2. actual movements are observable by the experiment operator, or mechanically measurable, therefore we are certain that an ERD/ERS activation must have been elicited by the motor task (with motor imagery the subject may fail to produce ERD/ERS);

3. finger movements are characterized by a significantly smaller ERS as compared to hand movements (Pfurtscheller et al., 1998), which makes the task as close as possible to a motor imagery one, while preserving the properties at point 1 and 2;

4. the idle class is used to simulate an online asynchronous setup.

2.1. Experimental Setup

2.1.1 Assistive robot specifications

Our custom made one degree of freedom robot (oneDOF, Noda et al., 2012) was used as assistive robot (Figure 2A). OneDOF is actuated using a pneumatic-electric hybrid strategy. In detail, two antagonistic pneumatic artificial muscles (PAM) generate large force by converting pressured gas energy into contraction force through their rubber tube. The advantage of using a PAM is that it can exert very large torques (maximal 70 Nm), while generating insignificant electromagnetic noise from the point of view of the EEG system. Moreover, an electric motor generates parallel small torque (maximal 5 Nm) in order to make fast and precise corrections to the torque generated by PAM. This strategy allows for both a powerful and precise actuation of the robot.

FIGURE 2
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Figure 2. Robot used during the experiment. (A) PAM and electric actuators can exert parallel torques to move the leg. (B) Representation of the experimental setup. (C) Representation of the thermoplastic polymer leg support anchored to the robot and holding up the subject's leg.

For this specific experiment, OneDOF was mounted on a custom made support in order to allow subjects to sit near to the robot (Figure 2B). Moreover a leg-shaped thermoplastic polymer was anchored to OneDOF in order to secure the subject's leg (Figure 2C).

2.1.2. Data acquisition

The experiment, which was carried out with five healthy subjects aged 23–27, can be represented by a 3 × 2 factorial design (Figure 3) consisting of two factors: “finger tapping task” and “leg condition.” The former is divided into three levels, being left tapping, right tapping and idle; while the latter is composed by two levels: NoPert and Pert.

FIGURE 3
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Figure 3. Experimental design. The experiment is structured as a 3 × 2 factorial design, consisting of two factors “finger tapping task” and “leg condition.” The former is divided into three levels, being left hand finger tapping (Left), right hand finger tapping (Right) and Idle, whose temporal representation is visualized in the “Finger tapping task” column. The “leg condition” factor is divided into two levels NoPert and Pert, which are represented, respectively, in the first and second rows of the table. To note that Rest is the resting period between tasks and that the visual cues of the tasks are randomly permuted within a session. Moreover, in the last column, the number of sessions performed for each experimental condition are visualized.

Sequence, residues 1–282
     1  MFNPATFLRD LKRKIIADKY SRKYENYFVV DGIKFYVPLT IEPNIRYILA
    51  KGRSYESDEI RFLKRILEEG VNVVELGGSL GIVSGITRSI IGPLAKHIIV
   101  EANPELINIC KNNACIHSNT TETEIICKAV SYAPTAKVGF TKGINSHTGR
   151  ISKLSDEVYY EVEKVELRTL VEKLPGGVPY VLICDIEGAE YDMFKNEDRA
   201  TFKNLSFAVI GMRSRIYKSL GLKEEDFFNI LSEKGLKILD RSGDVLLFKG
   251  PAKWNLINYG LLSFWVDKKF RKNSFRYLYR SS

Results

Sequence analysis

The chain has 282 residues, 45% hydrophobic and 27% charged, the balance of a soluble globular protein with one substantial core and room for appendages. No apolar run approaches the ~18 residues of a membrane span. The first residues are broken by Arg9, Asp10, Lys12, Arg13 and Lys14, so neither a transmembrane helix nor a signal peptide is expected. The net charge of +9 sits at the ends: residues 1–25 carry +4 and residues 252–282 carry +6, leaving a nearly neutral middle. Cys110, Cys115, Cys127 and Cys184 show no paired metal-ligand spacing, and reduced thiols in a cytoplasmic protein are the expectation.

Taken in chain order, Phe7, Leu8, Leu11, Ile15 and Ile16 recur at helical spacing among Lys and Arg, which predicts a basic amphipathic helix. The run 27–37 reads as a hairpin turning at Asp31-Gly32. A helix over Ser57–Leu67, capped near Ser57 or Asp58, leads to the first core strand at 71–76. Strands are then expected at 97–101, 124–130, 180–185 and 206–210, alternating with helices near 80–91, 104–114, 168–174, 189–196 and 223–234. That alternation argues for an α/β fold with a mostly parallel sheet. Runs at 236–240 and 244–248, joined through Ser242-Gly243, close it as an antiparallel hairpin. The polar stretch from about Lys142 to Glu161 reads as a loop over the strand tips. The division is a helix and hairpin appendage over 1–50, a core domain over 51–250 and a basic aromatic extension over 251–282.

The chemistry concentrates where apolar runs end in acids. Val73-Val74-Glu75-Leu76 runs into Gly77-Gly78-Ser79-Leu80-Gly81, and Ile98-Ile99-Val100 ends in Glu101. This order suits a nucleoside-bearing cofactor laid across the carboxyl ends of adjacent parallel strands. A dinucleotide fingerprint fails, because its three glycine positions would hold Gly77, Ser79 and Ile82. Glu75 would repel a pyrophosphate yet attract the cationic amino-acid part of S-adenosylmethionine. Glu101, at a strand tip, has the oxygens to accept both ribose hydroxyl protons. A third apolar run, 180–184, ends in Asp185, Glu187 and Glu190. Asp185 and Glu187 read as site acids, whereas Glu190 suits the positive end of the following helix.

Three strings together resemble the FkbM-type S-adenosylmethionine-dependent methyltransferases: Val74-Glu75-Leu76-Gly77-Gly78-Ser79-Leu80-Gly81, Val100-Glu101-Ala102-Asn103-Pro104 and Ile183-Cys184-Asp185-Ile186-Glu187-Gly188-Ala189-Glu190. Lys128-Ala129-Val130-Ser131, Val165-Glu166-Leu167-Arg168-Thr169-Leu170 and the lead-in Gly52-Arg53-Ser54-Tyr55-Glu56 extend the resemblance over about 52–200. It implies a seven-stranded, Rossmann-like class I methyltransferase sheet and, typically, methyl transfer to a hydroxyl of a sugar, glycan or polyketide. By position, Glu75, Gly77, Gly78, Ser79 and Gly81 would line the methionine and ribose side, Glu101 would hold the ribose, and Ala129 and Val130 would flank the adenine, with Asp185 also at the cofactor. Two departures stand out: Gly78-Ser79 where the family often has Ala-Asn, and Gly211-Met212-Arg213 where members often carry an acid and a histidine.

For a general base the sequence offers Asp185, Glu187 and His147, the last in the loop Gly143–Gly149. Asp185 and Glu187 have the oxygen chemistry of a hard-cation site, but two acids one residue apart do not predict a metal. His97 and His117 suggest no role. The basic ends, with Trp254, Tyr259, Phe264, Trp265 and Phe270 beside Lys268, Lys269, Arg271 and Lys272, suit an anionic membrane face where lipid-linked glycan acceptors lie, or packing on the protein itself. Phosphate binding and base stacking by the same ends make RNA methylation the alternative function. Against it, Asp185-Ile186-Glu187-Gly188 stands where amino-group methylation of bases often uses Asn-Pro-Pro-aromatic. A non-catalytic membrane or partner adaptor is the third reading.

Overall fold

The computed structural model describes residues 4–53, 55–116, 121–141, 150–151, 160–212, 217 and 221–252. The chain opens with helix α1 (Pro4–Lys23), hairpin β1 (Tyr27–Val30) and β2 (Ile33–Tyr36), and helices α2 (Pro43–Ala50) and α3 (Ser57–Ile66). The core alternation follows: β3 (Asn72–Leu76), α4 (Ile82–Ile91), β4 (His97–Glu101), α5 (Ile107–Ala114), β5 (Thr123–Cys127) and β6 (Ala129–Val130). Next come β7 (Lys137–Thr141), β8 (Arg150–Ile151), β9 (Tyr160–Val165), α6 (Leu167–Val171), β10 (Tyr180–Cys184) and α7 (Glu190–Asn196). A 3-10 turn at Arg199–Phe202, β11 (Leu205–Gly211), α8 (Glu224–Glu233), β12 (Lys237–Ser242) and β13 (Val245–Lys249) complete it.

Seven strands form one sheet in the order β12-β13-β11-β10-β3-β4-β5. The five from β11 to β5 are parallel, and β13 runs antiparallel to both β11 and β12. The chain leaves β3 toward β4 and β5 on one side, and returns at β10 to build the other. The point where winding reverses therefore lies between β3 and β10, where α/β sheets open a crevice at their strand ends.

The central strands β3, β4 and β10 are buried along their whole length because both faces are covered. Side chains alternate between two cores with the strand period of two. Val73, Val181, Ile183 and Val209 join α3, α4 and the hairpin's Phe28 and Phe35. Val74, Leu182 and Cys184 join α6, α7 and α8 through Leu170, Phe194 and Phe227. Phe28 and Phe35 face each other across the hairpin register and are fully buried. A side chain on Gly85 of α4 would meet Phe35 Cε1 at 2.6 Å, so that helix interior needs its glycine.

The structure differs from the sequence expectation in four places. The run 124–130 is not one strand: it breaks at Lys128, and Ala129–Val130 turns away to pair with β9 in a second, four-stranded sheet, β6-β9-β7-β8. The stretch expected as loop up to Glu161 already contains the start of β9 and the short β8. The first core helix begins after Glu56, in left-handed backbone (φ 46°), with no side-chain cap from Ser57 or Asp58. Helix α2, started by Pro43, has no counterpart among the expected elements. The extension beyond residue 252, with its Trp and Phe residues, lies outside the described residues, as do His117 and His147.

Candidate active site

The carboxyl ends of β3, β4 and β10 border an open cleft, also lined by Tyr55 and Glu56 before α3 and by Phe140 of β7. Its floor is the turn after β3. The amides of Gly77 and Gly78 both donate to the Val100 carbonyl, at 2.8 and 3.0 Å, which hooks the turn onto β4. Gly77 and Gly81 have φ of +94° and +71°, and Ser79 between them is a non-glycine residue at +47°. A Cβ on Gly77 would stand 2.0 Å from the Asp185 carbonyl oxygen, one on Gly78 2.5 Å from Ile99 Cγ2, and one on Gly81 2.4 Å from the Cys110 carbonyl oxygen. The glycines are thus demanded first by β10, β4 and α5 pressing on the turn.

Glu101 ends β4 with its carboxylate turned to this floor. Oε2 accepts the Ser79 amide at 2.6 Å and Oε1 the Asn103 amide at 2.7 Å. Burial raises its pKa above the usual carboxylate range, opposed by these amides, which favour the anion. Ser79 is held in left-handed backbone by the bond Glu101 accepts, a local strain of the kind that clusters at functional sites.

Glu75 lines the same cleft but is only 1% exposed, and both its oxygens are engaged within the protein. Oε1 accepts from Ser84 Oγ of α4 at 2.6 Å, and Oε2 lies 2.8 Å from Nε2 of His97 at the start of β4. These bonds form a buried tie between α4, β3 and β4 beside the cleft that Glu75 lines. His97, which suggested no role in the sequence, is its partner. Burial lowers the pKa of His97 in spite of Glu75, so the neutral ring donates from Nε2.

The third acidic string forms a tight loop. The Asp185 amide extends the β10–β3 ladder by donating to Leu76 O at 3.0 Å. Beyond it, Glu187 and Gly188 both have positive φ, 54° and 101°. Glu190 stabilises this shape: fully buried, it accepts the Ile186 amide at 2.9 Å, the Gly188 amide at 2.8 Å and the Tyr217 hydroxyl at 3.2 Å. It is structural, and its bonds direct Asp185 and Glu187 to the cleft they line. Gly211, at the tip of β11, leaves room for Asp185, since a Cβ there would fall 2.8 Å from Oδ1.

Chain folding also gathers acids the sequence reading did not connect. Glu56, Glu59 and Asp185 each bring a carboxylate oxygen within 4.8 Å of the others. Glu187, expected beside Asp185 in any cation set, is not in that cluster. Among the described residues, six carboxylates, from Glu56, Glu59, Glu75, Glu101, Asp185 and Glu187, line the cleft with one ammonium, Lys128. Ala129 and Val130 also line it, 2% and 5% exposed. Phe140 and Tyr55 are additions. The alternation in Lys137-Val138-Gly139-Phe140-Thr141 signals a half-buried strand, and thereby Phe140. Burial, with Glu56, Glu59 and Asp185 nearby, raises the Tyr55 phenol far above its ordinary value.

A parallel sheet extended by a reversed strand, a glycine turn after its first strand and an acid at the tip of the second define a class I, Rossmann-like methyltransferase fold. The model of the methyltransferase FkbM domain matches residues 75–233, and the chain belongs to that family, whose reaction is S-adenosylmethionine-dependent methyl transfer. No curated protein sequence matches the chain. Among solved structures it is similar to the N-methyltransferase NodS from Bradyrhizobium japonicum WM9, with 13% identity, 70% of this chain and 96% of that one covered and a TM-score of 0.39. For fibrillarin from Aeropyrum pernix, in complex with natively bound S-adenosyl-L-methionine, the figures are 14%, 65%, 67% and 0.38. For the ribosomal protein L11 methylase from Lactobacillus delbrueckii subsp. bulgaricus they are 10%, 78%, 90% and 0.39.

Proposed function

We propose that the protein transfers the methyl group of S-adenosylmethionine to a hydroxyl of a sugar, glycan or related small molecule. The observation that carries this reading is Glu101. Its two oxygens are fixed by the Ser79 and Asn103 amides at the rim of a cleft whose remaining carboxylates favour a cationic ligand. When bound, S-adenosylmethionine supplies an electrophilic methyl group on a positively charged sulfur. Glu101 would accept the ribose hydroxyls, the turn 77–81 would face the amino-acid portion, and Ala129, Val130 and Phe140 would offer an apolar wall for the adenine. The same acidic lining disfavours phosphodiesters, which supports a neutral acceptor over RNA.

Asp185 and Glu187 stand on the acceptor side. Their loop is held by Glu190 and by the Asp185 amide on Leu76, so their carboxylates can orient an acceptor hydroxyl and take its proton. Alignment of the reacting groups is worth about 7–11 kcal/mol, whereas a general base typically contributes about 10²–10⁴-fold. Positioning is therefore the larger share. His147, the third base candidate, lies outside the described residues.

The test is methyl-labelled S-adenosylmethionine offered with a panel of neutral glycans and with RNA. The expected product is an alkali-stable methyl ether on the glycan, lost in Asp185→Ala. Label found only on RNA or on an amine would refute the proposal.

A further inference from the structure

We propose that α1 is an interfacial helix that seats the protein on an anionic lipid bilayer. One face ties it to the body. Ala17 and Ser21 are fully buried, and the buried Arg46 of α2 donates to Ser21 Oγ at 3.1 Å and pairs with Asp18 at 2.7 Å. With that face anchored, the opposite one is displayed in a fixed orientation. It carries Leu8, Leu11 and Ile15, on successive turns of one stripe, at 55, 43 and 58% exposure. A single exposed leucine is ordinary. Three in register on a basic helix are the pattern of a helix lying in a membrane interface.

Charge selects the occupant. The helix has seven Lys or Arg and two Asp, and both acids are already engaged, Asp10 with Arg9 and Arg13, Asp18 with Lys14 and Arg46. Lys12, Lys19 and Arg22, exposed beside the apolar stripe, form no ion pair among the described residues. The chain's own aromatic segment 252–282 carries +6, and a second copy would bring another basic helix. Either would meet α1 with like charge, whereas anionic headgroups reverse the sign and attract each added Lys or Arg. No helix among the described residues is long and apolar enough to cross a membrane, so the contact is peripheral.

With regard to the “leg condition” factor, five sessions of the experiment were performed while the assistive robot was stopped (NoPert) and other five while the robot continuously swung up and down at a frequency of 0.5 Hz between 5° and 50° of the knee joint (Pert).

During all the 10 sessions of the experiment the finger tapping task was carried out as follows: an hyphen was shown on the screen for 8 s to indicate that the subject should not move (rest). After this period, a left or right arrow randomly appeared, or the hyphen was maintained on the screen, for 2 s, indicating respectively that the subject should perform left or right hand brisk continuous finger tapping, or keep not moving (idle). Within one session, each of the three tasks, Left/Right tapping and Idle, was performed 10 times, resulting in 30 trials per session. After each session, subjects rested for about 5 min. Moreover, the EEG signal was recorded at a sampling rate of 2048 Hz with a 64-electrode cap and a Biosemi Active Two system for amplification and analog-to-digital conversion.

In order to confirm that to each visual cue corresponds a motor action, the finger tapping performance was visually observed by the experiment operator. Moreover, for the first three subjects the experiment was recorded on video, while for the other two subjects the index finger angle was measured by means of a goniometer sensor (Biometrics Ltd).